On 31 October 2022, China’s 500 kW demonstration project, part of the 20 MW deep-sea floating PV system at Shandong Peninsula South No. 3 Offshore Wind Farm, successfully generated electricity, making it the world’s first deep-sea wind-solar project to be put into operation. The project tested the wind, wave and weather resistance of the floating body, mooring and power generation components in the marine environment, and verified the technical feasibility of wind and solar co-location in the same facility.

On 10 May 2023, the world’s first fixed long pile offshore PV research project, the Shandong Wendeng HG32 Offshore PV Demonstration Base, successfully started generating electricity and officially entered the trial operation period. Located approximately 9.2km from the coast, the project consists of three typical structural units of the offshore PV technology being promoted, with a total installed capacity of 0.5MW on the DC side, of which the 670W n-type modules were supplied by Trina Solar. The PV plant is similar to the State Power Investment Peninsula South No. 3, will promote the comprehensive use of offshore photovoltaic offshore wind power, and marine ranching.

The temperature of seawater near China is around 0-29 degrees Celsius, which is within the normal operating range of PV modules. However, waves, sea winds and natural disasters pose a risk of deformation, breakage and other damage to the modules. In addition, marine life, salt spray and seawater have a significant impact on the power generation of the modules, reducing the passivation effect on the surface of the cells and causing them to degrade. Other challenges for marine PV systems include the difficulty of stacking and laying cables for water-based operations, high temperatures and humidity that exacerbate the potential induced degradation (PID) effect, time-consuming and costly operation and maintenance in vast expanses of water, and high requirements for fisheries-solar integration.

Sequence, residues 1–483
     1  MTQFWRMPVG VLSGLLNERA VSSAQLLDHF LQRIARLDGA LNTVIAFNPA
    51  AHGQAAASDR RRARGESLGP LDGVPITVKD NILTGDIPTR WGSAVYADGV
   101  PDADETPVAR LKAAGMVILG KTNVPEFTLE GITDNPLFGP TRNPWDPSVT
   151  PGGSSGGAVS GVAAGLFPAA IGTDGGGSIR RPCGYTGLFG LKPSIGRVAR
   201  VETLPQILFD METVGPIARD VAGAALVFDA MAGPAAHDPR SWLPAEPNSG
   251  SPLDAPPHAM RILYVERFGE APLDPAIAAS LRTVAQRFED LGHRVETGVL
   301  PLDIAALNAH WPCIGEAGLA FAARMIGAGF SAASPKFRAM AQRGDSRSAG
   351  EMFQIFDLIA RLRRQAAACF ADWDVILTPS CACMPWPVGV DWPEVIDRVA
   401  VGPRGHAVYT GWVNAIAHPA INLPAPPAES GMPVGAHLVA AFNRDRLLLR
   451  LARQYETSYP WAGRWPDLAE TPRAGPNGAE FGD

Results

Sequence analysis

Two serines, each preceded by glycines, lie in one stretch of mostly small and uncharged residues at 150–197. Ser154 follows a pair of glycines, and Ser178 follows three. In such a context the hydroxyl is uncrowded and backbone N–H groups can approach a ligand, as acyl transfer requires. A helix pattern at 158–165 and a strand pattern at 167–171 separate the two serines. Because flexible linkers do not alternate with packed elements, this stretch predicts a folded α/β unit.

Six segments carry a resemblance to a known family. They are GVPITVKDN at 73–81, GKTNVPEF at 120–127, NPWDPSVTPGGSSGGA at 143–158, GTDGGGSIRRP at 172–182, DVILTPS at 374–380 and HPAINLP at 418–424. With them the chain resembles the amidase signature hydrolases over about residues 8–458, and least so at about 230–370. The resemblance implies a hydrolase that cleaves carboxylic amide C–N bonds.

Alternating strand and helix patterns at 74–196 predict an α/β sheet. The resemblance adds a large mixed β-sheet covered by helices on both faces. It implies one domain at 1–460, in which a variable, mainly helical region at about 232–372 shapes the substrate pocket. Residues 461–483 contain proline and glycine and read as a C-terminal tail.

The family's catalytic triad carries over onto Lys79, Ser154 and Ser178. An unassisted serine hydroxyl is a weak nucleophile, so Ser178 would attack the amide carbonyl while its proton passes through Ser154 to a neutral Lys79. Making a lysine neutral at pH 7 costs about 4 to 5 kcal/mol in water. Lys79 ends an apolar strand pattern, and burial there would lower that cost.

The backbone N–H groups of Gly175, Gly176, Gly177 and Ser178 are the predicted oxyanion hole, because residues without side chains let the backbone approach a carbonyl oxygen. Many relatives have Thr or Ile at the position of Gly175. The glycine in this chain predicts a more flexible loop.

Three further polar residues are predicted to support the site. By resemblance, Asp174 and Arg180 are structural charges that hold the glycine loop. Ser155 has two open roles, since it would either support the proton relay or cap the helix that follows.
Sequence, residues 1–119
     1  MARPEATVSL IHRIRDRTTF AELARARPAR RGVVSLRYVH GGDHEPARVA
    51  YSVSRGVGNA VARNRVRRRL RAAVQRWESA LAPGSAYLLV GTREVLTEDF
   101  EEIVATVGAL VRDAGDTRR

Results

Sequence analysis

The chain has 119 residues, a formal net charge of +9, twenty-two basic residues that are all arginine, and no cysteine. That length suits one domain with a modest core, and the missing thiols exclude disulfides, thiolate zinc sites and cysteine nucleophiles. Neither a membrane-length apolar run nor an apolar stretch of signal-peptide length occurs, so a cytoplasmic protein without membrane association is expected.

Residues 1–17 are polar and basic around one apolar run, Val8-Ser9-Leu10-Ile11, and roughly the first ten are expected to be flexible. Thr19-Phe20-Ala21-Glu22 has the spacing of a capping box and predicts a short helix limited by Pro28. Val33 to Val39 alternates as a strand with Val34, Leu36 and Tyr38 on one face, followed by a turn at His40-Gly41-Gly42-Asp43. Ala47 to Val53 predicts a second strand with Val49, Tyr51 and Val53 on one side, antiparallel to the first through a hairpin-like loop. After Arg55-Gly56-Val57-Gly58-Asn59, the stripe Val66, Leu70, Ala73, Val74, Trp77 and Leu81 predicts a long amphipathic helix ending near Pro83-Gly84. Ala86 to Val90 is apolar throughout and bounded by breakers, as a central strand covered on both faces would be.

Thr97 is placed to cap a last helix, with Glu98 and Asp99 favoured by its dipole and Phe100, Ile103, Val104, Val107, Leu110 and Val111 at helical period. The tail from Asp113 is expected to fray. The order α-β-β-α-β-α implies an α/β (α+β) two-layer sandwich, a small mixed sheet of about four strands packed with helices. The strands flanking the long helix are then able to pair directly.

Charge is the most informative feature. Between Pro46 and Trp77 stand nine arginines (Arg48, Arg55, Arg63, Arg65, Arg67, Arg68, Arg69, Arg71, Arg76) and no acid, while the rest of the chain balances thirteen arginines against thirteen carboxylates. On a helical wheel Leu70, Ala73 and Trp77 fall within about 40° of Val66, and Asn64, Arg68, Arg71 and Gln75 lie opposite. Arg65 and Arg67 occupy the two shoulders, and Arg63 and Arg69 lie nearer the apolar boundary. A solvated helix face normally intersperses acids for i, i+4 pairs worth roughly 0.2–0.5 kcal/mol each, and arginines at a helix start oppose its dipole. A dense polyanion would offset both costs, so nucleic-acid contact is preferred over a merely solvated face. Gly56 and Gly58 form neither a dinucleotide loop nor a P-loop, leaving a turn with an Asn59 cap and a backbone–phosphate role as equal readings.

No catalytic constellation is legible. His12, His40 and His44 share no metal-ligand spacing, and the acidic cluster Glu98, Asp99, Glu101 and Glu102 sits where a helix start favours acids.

Although there are many challenges in developing offshore PV systems, both in terms of construction and maintenance, many major PV manufacturers in China have changed their approach to offshore PV solutions. LONGi, Huawei, Trina Solar and other institutions are working on related technologies and solutions to deal with the temperature and humidity, which aggravate the potential induced degradation effect and the efficiency and reliability of modules.

According to Trina Solar, the company has fully considered the requirements of all scenarios in the development of the n-type module. Trina Solar’s success in supplying modules for floating solar systems proves that its Vertex Series modules are suitable for the marine environment. LONGi stressed that safety and reliability are key factors for offshore PV modules, and that a turnkey solution for offshore PV systems, including technical support and services from development, design, construction, operation and maintenance, is available to provide LONGi’s customers with long-term value and returns beyond expectations.

To promote the development of China’s offshore photovoltaic power plants, various regions have introduced favourable policies. Shandong leads all provinces in both subsidies and planning support for two offshore PV projects near the Bohai Sea and along the Yellow Sea, each with GW-level installed capacity. In addition, the Shandong Provincial Energy Administration has issued a tender for the deployment of 11.25 GW of floating PV in 2022. In addition to PV leaders LONGi and Trina Solar, wind energy giants Ming Yang Intelligence, Envision Energy and Dongfang Electric (DEC) are among the winning bids. The balance between technological breakthroughs and cost control is testing the capabilities of the pioneers.

A number of Chinese companies have already invested in offshore photovoltaic construction. CHN Energy, Guoneng (Shandong) Energy & Environment Co., Huaneng, Chint, Jinneng Science and Technology have started to invest in the construction of offshore PV power plants to explore integrated solutions for efficient energy use, environmental protection, innovative energy conservation and sustainable development of ocean PV systems. The market for floating and anchored offshore PV power plants in China is estimated to be 27.2 billion yuan and 1.9 billion yuan respectively in an optimistic scenario. If other coastal provinces and cities follow that, such as Jiangsu Province’s recent promotion of 43 offshore PV projects with an installed capacity of 12.65 GW, China’s offshore PV market will be larger than expected.